When to Buy/In Season:
Available all year.
How to Select:
Firm fruit, heavy for its size, with distinct aroma and plump, glossy eyes. Color depends on variety bur green usually indicates the pineapple is unripe. A rich golden yellow between the scales of the fruit is an excellent sign. A ripe pineapple softens slightly when it’s gently squeezed, and is fragrant.
Organic growers produce most of their fruit in Spring and summer. Conventional growers control fruit production with plant hormones to stagger availability throughout the year.
EWG 2009 Dirty Dozen, #44
How to Store:
Pineapples sweeten at the end of their growth and do not ripen after being picked. Store at room temperature or refrigerate 1 – 2 days.
Do not use fresh pineapple in gelatin recipes because it prevents jelling.
To Freeze Fresh Pineapple:
Select firm, ripe pineapple with full flavor and aroma. Pare and remove core and eyes. Slice, dice, crush or cut the pineapple into wedges or sticks. Pack fruit tightly into containers without sugar. Leave headspace. Seal and freeze.
Store frozen pineapple for (0F) 8 – 12 months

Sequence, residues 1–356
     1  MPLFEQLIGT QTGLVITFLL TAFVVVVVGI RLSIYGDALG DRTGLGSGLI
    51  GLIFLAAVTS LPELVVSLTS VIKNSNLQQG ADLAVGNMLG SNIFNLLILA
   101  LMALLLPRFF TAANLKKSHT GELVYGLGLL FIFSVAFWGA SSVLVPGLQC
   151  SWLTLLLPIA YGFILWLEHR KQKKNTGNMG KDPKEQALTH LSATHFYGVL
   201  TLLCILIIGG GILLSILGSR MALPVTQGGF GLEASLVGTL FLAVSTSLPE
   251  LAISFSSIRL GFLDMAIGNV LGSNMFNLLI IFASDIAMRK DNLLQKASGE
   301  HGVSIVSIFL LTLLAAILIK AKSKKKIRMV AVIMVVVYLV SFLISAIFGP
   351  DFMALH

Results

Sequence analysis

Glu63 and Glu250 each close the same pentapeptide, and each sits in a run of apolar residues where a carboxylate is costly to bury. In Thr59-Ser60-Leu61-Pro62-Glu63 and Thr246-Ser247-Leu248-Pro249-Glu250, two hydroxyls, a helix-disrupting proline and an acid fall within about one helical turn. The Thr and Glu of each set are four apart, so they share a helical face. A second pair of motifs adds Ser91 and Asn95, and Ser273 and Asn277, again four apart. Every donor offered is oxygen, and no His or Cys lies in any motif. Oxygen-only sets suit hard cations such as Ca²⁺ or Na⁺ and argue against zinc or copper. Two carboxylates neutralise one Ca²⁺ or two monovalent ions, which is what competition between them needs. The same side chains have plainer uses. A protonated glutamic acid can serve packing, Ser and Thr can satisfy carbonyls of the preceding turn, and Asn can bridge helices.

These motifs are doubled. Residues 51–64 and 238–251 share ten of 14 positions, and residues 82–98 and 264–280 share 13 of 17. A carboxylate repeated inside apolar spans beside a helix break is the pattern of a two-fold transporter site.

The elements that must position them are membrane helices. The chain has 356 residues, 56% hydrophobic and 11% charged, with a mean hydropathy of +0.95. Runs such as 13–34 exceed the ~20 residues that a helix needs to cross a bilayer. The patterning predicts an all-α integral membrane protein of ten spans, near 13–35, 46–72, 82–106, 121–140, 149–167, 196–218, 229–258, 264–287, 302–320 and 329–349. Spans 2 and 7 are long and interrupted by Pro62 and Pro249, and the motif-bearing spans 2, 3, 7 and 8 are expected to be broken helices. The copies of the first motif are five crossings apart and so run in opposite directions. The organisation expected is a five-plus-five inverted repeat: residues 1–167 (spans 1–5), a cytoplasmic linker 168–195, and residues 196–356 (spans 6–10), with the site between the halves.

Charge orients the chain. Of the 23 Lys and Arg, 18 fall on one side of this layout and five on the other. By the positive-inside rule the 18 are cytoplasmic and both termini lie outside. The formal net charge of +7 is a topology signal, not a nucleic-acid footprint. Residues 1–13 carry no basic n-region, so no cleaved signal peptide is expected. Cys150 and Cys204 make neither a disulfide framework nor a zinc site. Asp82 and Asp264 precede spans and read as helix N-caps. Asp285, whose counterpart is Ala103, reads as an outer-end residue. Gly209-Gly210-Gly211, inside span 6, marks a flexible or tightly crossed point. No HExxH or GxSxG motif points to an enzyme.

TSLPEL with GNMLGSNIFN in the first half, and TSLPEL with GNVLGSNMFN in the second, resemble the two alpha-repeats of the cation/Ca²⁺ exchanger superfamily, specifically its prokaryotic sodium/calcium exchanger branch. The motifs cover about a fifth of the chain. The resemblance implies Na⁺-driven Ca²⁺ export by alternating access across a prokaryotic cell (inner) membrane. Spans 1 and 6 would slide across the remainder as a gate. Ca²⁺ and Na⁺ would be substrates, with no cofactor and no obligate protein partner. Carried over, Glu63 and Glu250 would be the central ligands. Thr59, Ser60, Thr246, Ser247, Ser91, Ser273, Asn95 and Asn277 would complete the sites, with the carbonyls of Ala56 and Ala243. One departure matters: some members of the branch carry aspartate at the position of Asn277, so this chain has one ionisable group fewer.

Commercially canned pineapple can be stored up to 12 months at room temperature
After opening, refrigerate unused fruit in a glass or plastic container. Do not store leftover canned fruit in its original can because it may affect the flavor of the fruit.
Canned pineapple works wonderfully well in gelatin recipes or as a marinade. Fresh pineapple cannot be used because of a natural enzyme called “bromelain”. The heat process used in canning pineapple destroys this enzyme, allowing canned pineapple to be used in a variety of recipes.
To dry pineapple, choose fully ripe pineapples with a yellowish-brown peel. Wash, peel, and core. Cut into 1/2 inch clices. Dry at 130F until leather but not sticky. WAter content of pineapple is 80%.
Dried fruit may be stored 6 – 12 months at room temperature, or indefinetly in the freezer.
Photo Source: giniger